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EPR or not EPR
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zonk Offline

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Post: #1
EPR or not EPR
EPR useful or useless

I,m leaning towards the useless camp, sound more like a marketing ploy to me
I understand can helps some people experiencing problems with exhaling against the pressure and bloating (aerophagia), for these people might be better served with bilevel machine with true pressure relief (pressure support), not some imitation lookalike (or even APAP)

Regardless what manufacturers call their own brand of pressure relief feature and some fancy description 'natural breathing experience', EPR works on the principle lowering the pressure on exhale, might sound nice on paper but in fact lowering pressure have a negative effect and for that reason, EPR get suspended during an apnea event but that would take the machine few valuable seconds to do so providing the machine is data capable machine and not Escape, Plus or some other useless brick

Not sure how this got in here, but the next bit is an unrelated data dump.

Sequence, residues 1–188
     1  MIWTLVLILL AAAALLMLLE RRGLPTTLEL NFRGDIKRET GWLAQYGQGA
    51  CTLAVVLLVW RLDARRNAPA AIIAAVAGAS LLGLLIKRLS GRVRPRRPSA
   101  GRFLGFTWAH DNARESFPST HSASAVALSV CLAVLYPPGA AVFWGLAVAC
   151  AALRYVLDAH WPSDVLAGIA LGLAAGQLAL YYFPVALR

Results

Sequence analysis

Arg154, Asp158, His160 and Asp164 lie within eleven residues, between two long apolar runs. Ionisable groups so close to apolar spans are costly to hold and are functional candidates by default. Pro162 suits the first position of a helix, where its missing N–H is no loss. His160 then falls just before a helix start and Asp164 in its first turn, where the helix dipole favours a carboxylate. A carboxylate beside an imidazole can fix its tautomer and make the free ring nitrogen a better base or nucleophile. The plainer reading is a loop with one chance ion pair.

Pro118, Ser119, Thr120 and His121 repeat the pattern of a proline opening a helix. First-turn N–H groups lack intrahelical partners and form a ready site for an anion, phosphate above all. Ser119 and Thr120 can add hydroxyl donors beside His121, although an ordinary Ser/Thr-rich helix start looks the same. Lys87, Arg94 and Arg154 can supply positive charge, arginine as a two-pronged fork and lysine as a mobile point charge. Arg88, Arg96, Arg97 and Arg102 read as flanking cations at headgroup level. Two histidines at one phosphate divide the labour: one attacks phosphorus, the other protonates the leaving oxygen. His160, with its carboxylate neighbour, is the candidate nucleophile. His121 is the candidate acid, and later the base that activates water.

IMO, we should have one machine does the following and data capable too (no bricks please)
constant pressure, apap, bilevel, and auto bilevel

That would an ideal setup and save money on the way but manufactures, insurance and suppliers not going to like the idea, the more machines they sell, more money they make
Try this machine so you fail and try another machine and you fail that too before dispensing the correct machine, providing by this stage have not given up on PAP all together, like many people ... crazy crazy

One machine does it all ... who heard of such absurd idea Too-funny
(This post was last modified: 06-07-2014 05:50 PM by zonk.)
06-07-2014 05:41 PM
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retired_guy Offline

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Post: #2
RE: EPR or not EPR
I think you're right about the one machine fits all, but they would probably sky-rocket the price for it.